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Laboring in the U.S. oil and gas industry is undoubtedly a safer proposition today than it would have been 50 years ago. Technological advances have accelerated, workforce training has evolved and the intensity of public scrutiny has grown to a level likely unimaginable when “Dallas” debuted on CBS in 1978.
Anecdotal evidence and government statistics prove up the assumptions.
Micah Backlund, director of health, safety and environment (HSE) at Helmerich & Payne, is a third-generation oilman.
“Both of my grandfathers worked on rigs, and both of them had the scars to prove it,” he told Hart Energy. “But I’m optimistic that we’ve got folks that will retire today with all of their appendages attached, their backs are not hurting. And even some of the chronic issues that were associated with working in the oil field, we’re working to address those and ultimately eliminate them from the workspace.”
Comprehensive data prior to the 1990s is sparse. But in more recent decades, particularly with the early 2000s shale boom, the federal government has dedicated resources to examining safety in the field of U.S. oil and gas extraction (OGE).
Between 2003 and 2013, the OGE workforce doubled and the rig count increased 70%, but the fatality rate for those workers declined more than 36%, according the U.S. Centers for Disease Control and Prevention (CDC).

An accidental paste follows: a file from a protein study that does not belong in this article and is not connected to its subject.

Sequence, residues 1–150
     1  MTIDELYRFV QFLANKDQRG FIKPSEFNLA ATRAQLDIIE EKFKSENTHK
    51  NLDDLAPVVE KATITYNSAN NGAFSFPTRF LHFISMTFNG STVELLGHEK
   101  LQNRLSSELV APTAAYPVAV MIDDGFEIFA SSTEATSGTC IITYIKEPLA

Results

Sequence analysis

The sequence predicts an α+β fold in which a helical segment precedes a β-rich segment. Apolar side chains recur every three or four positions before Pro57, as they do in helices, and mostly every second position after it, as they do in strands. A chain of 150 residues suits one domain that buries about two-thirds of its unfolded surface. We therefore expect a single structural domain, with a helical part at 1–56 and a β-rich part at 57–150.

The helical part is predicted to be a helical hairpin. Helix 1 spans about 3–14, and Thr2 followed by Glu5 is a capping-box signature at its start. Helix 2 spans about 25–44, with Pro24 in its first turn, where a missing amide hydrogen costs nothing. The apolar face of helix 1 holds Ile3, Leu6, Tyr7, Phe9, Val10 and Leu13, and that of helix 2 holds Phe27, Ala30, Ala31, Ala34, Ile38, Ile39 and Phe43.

“The implementation of safety measures focused on land transportation safety, the increased use of automated drilling technologies, and increased collaboration between industry, government and academic institutions may have contributed to the reduced worker fatality rates,” Ryan Hill, director of the National Institute for Occupational Safety and Health’s (NIOSH) Western States Division, told Hart Energy. “Nonetheless, the fatality rate for oil and gas extraction was nearly seven times higher than among all U.S. workers.”
The work at NIOSH has created a close collaboration between government researchers and on-site workers, Hill said.
“What we have found is that oil and gas extraction workers take great pride in their work; they work very hard (often in difficult conditions) and they work as safely as possible,” he said. “Our goal is to make sure that all workers go home safely at the end of every day.”
To be sure, government regulations have played a role in improved safety culture.
General occupational injuries and fatalities in the U.S. increased 20% during the 1960s, prompting passage of the Occupational Safety and Health Act (OSH Act) in 1970. The act established the Occupational Safety and Health Administration (OSHA).
The 53-year-old law “really solidified requirements for employers to provide a safe workplace and provided some strong guidelines on what those expectations were,” Backlund said.
“Now, we would view those as the minimum expectations for a safe workplace. They are regulatory required and driven, but most employers in the oil and gas industry are focused on how they can better perform in an HSE effort and go beyond what is compliance driven and really focus on the prevention of injuries to the workers themselves for the more humanitarian benefits than the regulatory benefits.”
Good for business